The 2010 Winners
For the past few years I have begun these writeups with some prefatory
remarks about what this contest is not: it's not about puns, it's not
about gross-out humor or whimsical wackiness, etc. But this year I think
I can dispense with the introduction, because the winner perfectly
encapsulates what the contest is about. So let's get right to
it — the winner of the 2010 Lyttle Lytton Contest is:
I shouldnt be saying this, but I think Ill love you
always, baby, always, Adam cried into the email.
I got this one back in August and am still awestruck every time I see
the phrase "cried into the email." There's just so much wrongness
packed into those four little words:
Put it all together and you end up with an image of this dude bawling the
line above, the tears streaming down his face and splashing onto the screen
of his Blackberry, where they magically resolve themselves into the letters
that make up his abject missive. Throw in the suggestion that the entire
novel will be about this guy's post-breakup groveling and we have a winner.
- The ambiguity of the word "cried." We're so used to any piece of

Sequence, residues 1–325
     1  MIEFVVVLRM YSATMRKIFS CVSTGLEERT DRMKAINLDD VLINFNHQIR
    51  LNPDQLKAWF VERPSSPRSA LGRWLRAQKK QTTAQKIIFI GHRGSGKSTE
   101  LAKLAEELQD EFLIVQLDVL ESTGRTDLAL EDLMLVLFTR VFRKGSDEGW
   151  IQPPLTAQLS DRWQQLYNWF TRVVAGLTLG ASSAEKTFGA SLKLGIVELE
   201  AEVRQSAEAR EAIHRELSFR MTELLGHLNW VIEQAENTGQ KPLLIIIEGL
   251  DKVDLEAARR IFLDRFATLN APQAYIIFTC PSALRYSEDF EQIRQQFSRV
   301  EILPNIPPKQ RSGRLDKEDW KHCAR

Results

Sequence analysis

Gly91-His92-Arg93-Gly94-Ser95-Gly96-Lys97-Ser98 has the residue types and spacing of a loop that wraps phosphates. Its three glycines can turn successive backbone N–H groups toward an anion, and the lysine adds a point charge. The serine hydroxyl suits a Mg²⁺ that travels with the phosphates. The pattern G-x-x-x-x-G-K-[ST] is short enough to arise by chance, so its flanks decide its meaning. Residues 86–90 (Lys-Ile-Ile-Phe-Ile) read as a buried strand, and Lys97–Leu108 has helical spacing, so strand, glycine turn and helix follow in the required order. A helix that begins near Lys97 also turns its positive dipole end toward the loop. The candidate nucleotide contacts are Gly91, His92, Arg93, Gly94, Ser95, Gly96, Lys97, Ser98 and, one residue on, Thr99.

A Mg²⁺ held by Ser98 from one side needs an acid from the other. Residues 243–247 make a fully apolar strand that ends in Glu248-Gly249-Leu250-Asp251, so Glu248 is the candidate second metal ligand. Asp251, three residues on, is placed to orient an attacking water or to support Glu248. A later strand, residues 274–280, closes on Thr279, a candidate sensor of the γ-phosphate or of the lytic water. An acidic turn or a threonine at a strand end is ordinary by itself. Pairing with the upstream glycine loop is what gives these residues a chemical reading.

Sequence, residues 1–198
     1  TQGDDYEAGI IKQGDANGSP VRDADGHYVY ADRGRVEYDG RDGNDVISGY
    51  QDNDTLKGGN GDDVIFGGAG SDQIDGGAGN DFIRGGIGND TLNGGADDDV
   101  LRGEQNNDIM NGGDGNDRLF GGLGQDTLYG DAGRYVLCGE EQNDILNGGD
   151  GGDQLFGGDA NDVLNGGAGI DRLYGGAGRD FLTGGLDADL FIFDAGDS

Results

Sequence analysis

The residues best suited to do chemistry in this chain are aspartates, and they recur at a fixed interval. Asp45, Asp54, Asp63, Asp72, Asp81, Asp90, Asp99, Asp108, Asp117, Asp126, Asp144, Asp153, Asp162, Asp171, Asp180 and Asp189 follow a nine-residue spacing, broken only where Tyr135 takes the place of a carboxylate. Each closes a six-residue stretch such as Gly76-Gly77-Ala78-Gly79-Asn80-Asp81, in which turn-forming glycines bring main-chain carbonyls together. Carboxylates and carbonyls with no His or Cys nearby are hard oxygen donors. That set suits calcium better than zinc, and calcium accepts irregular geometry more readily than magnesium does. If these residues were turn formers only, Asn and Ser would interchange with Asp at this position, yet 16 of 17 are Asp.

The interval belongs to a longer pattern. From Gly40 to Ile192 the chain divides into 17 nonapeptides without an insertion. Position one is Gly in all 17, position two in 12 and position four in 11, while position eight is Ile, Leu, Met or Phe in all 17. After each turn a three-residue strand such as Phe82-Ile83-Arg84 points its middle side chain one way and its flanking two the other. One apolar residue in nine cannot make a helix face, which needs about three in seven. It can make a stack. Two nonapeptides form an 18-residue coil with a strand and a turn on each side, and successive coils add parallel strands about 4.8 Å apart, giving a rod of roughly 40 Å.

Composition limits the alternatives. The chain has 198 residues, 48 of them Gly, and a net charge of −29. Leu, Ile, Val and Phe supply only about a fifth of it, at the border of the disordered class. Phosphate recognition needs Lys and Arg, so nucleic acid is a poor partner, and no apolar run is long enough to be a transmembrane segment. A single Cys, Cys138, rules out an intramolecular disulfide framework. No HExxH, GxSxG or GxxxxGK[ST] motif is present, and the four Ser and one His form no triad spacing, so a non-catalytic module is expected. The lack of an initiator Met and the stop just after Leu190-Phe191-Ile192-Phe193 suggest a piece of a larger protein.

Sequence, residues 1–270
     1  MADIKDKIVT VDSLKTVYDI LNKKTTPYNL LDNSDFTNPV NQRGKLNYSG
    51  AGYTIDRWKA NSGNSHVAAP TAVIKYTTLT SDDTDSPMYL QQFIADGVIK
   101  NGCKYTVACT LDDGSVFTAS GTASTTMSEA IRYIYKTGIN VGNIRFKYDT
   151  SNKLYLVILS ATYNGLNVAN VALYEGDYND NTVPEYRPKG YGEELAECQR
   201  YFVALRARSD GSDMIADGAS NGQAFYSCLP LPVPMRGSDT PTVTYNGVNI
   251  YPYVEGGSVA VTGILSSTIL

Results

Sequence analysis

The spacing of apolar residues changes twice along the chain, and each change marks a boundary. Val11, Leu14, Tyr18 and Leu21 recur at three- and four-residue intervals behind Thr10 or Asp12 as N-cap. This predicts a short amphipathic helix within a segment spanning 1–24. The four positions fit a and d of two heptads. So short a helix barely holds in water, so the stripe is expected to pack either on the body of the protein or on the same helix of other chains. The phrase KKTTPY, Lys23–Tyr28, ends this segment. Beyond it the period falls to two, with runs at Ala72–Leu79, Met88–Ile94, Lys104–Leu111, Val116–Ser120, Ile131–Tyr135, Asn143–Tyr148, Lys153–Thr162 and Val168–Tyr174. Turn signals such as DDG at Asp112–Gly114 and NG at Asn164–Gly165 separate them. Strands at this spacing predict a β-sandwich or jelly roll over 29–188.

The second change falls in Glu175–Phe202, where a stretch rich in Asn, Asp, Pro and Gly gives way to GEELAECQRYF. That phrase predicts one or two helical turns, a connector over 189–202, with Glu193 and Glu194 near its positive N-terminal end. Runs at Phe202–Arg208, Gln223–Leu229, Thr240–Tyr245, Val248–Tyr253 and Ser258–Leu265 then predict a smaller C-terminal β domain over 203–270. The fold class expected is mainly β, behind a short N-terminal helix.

dialogue that's the least bit emphatic getting tagged with a "he cried"
or "she cried" that initially it looks innocuous. But this quotation has
enough of a blubbering tone to it to make us think it must mean the regular
sort of crying. Who can say?
- The "cried"/"email" pair. Again, it looks innocuous, because we're
used to seeing the word "cried" affixed to pieces of written text, but
you can't actually "cry" in an email, which can neither transmit volume
should "cry out" be what's meant, nor convey the sobs that would accompany
the other meaning.
- The verb/preposition pair "cried into." This looks like it's just an
idiom error and that the author meant "in"... but when you think about it,
you can "cry into" things as well! Like, you could cry into an